M A J O R A R T I C L E
Impact of an Antimicrobial Stewardship
Intervention on Shortening the Duration of
Therapy for Community-Acquired Pneumonia
Edina Avdic,1Lisa A. Cushinotto,4Andrew H. Hughes,2Amanda R. Hansen,5Leigh E. Efird,1John G. Bartlett,2,3and
Sara E. Cosgrove2,3
1Departmentof Pharmacy, The Johns Hopkins Hospital, and the2Department of Medicine and3Division of Infectious Diseases, Johns Hopkins University
School of Medicine, Baltimore, Maryland;4Department of Pharmacy, Bryn Mawr Hospital, Main Line Health System, Pennsylvania; and5Department of
Pharmacy, Carilion Roanoke Memorial Hospital, Virginia
and Medicaid Services performance measure for a decade. We hypothesized that an intervention directed at
management of CAP that assesses areas not covered by the performance measures—treatment duration and
antimicrobial selection after additional microbiology data are available—would further improve CAP management.
Methods.We performed a single-center, prospective study to compare management of adult inpatients with
presumed CAP before (from 1 January 2008 through 31 March 2008) and after (from 1 February 2010 through 10
May 2010) an intervention consisting of education and prospective feedback to teams regarding antibiotic choice
and duration. The primary outcome measure was duration of antibiotic therapy in the 2 periods.
Results. There were 62 patients in the preintervention period and 65 patients in the intervention period. The
duration of antibiotic therapy decreased from a median of 10 to 7 days (P , .001), with 148 fewer days of antibiotic
therapy. The median lengths of stay were similar in the 2 groups (4 vs 5 days). A causative pathogen was identified
less frequently during theintervention period (14% vs 34%);however, antibiotics weremore frequently narrowedor
modified on the basis of susceptibility results during the intervention period (67% vs 19%). Fewer patients received
duplicate therapy within 24 hours in the intervention period (90% vs 55%).
Conclusions. The duration of therapy for CAP was excessive at our institution and was decreased with
a stewardship intervention. Confirmatory studies at other institutions are needed; efforts to assess and reduce
duration of therapy for CAP should be strongly considered.
Initial management of community-acquired pneumonia (CAP) has been a Centers for Medicare
Community-acquired pneumonia (CAP), along with
influenza, was the eighth leading cause of death in the
United States in 2007 . The Centers for Medicare and
Medicaid Services (CMS) and the Joint Commission
support quality-improvement initiatives in CAP, en-
dorsing performance measures for CAP that include
blood cultures, timely antimicrobial therapy (within
6 hours after patient presentation), appropriate antimi-
crobial selection, smoking cessation, vaccination, and
measuring mortality . Consequently, hospitals have
spent significant resources on ensuring that patients
presenting with suspected CAP receive appropriate
empirical therapy in a timely fashion. These initiatives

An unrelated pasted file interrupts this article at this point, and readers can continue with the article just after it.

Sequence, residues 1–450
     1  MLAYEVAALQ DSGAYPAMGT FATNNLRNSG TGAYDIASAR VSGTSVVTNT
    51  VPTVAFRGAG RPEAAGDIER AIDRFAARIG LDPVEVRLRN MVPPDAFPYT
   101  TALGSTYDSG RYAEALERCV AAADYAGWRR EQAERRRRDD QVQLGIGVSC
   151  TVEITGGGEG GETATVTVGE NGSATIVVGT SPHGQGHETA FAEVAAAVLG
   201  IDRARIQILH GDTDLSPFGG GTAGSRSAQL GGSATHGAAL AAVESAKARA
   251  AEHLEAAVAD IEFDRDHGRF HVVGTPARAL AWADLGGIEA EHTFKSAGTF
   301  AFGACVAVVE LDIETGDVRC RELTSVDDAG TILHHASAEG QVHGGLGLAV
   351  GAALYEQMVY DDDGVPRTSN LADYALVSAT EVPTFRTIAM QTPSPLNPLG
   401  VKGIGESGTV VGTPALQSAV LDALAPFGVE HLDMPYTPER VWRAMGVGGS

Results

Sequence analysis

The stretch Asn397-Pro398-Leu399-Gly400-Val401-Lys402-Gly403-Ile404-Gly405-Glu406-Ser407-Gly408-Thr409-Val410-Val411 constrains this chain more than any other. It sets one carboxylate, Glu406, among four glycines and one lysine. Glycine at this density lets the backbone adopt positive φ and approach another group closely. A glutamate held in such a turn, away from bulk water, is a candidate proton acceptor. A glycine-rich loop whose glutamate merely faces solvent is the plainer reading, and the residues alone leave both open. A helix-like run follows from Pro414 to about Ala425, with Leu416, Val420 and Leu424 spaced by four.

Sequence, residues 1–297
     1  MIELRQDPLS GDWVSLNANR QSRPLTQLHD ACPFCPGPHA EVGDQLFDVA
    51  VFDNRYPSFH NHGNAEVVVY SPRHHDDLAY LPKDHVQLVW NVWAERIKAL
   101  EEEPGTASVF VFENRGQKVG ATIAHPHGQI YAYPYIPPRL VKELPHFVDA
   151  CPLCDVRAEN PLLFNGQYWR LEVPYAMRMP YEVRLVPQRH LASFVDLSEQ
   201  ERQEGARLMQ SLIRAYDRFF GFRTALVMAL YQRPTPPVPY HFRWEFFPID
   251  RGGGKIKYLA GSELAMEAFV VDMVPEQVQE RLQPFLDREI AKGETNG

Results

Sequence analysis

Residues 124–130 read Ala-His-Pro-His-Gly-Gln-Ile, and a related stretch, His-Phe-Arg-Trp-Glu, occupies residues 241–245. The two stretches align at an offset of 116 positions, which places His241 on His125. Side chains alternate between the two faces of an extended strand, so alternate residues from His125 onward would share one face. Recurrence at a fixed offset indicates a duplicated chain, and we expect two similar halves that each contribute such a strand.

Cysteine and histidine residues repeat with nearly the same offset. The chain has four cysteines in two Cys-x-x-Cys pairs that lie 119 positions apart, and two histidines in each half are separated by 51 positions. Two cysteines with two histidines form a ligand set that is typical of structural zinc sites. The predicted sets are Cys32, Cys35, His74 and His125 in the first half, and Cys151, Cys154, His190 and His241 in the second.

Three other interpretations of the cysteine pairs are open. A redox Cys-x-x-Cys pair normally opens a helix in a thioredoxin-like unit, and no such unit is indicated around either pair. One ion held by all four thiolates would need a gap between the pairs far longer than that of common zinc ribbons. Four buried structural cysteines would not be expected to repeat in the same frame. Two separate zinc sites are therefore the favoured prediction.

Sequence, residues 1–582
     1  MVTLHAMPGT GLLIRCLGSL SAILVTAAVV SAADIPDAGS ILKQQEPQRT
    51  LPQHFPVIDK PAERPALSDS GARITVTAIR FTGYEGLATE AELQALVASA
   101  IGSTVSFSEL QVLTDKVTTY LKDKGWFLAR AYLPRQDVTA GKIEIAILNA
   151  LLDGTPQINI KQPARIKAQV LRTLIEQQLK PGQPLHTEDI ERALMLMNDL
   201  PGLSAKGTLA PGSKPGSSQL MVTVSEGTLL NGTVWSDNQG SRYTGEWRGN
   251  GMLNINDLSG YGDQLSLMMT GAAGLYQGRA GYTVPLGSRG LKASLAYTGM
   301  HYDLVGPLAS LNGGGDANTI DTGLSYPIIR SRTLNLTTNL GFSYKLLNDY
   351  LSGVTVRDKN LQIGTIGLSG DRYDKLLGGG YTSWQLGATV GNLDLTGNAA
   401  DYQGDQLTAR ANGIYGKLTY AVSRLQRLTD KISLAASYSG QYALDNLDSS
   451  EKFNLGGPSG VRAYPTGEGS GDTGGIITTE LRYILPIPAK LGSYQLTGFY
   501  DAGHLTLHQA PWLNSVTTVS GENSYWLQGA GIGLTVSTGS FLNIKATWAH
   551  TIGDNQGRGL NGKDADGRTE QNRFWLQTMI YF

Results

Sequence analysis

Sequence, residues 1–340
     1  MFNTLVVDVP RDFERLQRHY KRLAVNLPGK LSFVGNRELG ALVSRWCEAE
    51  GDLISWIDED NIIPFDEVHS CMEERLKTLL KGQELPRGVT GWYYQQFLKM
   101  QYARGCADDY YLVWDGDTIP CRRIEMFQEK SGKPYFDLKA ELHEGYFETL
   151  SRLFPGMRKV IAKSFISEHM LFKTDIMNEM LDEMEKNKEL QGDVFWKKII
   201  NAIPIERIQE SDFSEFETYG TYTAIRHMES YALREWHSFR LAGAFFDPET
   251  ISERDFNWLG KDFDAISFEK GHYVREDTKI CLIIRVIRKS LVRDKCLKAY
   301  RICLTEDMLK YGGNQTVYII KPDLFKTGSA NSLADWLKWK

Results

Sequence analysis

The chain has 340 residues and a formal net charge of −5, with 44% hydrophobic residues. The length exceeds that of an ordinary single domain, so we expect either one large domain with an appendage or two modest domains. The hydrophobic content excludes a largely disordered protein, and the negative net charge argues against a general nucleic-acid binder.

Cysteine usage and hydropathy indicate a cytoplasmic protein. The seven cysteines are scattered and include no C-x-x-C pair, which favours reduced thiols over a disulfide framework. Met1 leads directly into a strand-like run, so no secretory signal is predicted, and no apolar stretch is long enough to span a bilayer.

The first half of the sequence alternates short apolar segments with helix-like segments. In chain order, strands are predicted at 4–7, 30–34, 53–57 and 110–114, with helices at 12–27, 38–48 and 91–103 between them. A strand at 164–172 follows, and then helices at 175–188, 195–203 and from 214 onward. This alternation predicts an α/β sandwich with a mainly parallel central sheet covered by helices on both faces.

have been successful, as evidenced by an increase in
the national compliance rate up to 94.3% in 2009 .
On the basis of these results, the CMS recently an-
nounced that, as of 1 January 2012, the measure as-
sessing timing of initial empirical antibiotics will be
The retirement of this measure will address the sig-
in patients who may not have CAP, in order to be
compliant. Misdiagnosis of CAP has been reported in
22%–46% of cases [5–7]; thus, many patients receive
potentially unnecessary antibiotics and some have
adverse events while receiving this therapy. One study
Correspondence: Edina Avdic, PharmD, MBA, The Johns Hopkins Hospital, 600
North Wolfe St., Osler 425, Baltimore, MD 21287-5425 (firstname.lastname@example.org).
? The Author 2012. Published by Oxford University Press on behalf of the Infectious
Diseases Society of America. All rights reserved. For Permissions, please e-mail:
Received 18 October 2011; accepted 9 February 2012; electronically published
10 April 2012.
Clinical Infectious Diseases2012;54(11):1–581 7
Antibiotic Duration for CAP
CID 2012:54 (1 June)
by guest on February 2, 2016
settings are necessary to ensure generalizability of our results.
Nevertheless, our findings revealed that interventions to de-
crease duration of antibiotic therapy for CAP can be successful.
Future guidelines for management of CAP should promote the
use of shorter courses of therapy, and the CMS should consider
duration of therapy as a future CAP performance measure.
Hopkins Hospital: Vidhya Gunaseelan, for assistance with statistical
analyses; Annette Rowden, John Lindsley, and Paul Pham, for assistance
with antimicrobial stewardship interventions; and Eric Hadhazy and
Taylor Carlson, for assistance with data collection.
Financial support.This work was supported by funding from the
Centers for Disease Control and Prevention (grant R01 CI000616-01 to
S .E. C.).
Potential conflicts of interest. S. E. C. has received consulting fees
from Forest, Rib-X, and Merck and grant support from Cubist and
AdvanDx. J. G. B. has received consulting fees from Epocrates, Medscape,
and Tibotec. All other authors: No reported conflicts.
All authors have submitted the ICMJE Form for Disclosure of Po-
tential Conflicts of Interest. Conflicts that the editors consider relevant
to the content of the manuscript have been disclosed.
We thank the following individuals at The Johns
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